Gavin O’Connor’s (Miracle Pride and Glory) stirring new drama Warrior is an underdog tale set in the nascent sport of Mixed Martial Arts fighting. In its relatively short life MMA has yet to inspire much quality cinema of note. It now has its Rocky.
Warrior’s twist on the traditional underdog formula is to provide us with dual protagonists: the fightin’ Conlon brothers Brendan (Joel Edgerton) and Tommy (Tom Hardy). Neither have spoken to each other since the dissolution of the parents’ marriage fourteen years earlier. Both of late have fallen on hard times. Tommy is an Iraq war veteran who has turned to pills and booze since returning from abroad; Brendan is a high school science teacher and devoted family man victimized by the financial crisis. Circumstances compel them both to seek salvation in the fight game.
Conveniently enough the opportunity of a lifetime arrives in the form of Sparta a brand-new winner-take-all MMA tournament that awards its champion a cool $5 million – more than enough for Brendan to save his house from foreclosure or for Tommy to make good on his pledge to provide for the family of a friend killed in Iraq. By this point we know for certain that fate has determined Brendan and Tommy will meet in the final and we know for certain how utterly ridiculous this scenario is. And yet we accept it because by this point Warrior already has us in its corner.
The origins of the brothers’ enmity are ultimately traced to their father Paddy (Nick Nolte) a monstrous alcoholic whose abusiveness led their mother and Tommy to flee fourteen years prior. Brendan stayed behind and Tommy never forgave him for it. When we see Paddy he’s broken-down husk of a man God-fearing and 1000 days sober his face creased with shame and regret. Neither son can stand the sight of their old man but Tommy in need of someone to train him for the tournament reluctantly enlists his father’s help. Paddy eyeing a last chance at redemption enthusiastically complies.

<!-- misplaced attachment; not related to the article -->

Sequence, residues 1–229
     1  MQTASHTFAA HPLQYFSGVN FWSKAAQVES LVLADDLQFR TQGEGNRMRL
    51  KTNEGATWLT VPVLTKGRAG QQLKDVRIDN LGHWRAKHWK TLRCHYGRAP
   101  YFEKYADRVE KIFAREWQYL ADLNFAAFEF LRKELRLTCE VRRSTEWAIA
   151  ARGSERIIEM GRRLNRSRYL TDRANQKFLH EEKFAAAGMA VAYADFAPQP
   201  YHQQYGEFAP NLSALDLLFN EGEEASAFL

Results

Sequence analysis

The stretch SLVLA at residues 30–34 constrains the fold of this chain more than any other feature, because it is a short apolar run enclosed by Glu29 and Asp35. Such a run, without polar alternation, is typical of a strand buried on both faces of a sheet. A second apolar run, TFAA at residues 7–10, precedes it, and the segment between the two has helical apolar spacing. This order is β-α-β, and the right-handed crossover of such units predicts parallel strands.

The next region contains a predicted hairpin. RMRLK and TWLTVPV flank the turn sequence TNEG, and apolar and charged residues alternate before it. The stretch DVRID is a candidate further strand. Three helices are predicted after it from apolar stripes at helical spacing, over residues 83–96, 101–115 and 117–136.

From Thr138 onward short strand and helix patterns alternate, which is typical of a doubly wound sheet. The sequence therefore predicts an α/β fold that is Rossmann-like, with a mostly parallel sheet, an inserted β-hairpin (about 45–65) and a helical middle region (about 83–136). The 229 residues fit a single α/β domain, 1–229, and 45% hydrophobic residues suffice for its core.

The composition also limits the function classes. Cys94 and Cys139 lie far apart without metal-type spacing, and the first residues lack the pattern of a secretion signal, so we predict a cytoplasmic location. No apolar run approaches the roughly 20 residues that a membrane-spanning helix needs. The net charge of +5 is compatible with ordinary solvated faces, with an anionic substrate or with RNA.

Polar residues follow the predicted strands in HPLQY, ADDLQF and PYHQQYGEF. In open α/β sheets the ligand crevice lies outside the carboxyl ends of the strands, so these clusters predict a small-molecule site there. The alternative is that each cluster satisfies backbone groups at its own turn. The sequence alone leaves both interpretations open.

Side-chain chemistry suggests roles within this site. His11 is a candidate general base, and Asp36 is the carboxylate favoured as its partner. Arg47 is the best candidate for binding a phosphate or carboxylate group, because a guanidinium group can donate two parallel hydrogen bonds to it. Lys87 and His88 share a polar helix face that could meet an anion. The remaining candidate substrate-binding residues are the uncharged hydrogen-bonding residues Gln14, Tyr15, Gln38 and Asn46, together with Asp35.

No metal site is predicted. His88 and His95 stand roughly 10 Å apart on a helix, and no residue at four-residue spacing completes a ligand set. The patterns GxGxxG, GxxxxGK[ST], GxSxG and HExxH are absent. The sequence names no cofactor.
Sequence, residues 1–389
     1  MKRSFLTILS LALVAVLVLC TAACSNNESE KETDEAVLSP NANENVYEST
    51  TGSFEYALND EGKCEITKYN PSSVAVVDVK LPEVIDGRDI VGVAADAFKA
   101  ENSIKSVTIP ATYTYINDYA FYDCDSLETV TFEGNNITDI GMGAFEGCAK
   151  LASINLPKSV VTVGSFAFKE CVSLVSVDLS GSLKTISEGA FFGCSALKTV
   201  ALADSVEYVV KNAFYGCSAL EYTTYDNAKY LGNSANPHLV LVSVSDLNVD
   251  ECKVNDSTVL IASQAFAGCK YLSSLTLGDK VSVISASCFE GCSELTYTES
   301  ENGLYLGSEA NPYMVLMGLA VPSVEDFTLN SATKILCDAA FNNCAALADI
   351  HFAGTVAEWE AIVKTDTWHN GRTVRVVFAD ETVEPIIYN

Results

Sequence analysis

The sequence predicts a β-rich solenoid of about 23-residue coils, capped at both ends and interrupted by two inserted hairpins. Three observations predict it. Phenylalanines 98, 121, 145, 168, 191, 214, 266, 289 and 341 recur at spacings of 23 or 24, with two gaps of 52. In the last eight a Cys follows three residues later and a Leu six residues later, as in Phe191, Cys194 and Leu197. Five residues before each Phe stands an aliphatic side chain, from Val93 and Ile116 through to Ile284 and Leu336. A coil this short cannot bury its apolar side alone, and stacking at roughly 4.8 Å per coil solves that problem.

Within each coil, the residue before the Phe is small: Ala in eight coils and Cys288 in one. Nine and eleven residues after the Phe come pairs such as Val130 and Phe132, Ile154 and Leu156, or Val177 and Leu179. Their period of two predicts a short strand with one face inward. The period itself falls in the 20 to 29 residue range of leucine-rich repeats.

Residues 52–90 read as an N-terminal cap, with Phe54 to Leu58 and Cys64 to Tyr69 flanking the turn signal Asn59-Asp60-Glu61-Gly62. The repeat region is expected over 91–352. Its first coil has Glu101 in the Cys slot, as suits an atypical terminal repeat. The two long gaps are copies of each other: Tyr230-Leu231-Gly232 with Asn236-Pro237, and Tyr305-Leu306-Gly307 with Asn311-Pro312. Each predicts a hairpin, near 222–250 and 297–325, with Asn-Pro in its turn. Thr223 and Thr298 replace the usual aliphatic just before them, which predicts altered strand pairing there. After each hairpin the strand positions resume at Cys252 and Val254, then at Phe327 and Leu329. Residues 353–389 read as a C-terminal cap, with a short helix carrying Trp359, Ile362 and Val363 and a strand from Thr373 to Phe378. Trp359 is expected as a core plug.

Cue the training montage. A fighter rising from obscurity to the upper echelons in his sport within a matter of weeks is hard to swallow; when two fighters do it it’s a borderline insult to the sport. MMA aficionados might blanch at watching Tommy and Brendan gain one unlikely win after another; more likely they’ll be too absorbed by the action to care. It helps that Hardy and Edgerton both look the part and are both skilled enough at their craft to lend the film’s many brutal fight scenes a distinct realism. It helps even more that the story and the actors' stellar performances have us firmly aligned with their goals.
O’Conner a veteran of the genre deploys the underdog tropes at his disposal freely but assiduously crafting a tale that is unabashedly far-fetched but grounded in characters who are intensely appealing and who feel authentic. The storytelling is clumsy at times – that Nolte’s character listens to a book-on-tape of Moby Dick throughout the film feels particularly heavy-handed – but Warrior wisely steers clear of bombastic speeches or cloying sentiment.
Warrior’s climactic final fight in which the estranged brothers at last meet in the ring is both gut- and heart-wrenching. When the film’s suitably happy ending does eventually arrive the film gives way ever-so-briefly to hokeyness. But after what these kids have gone through you can forgive them for getting a little emotional.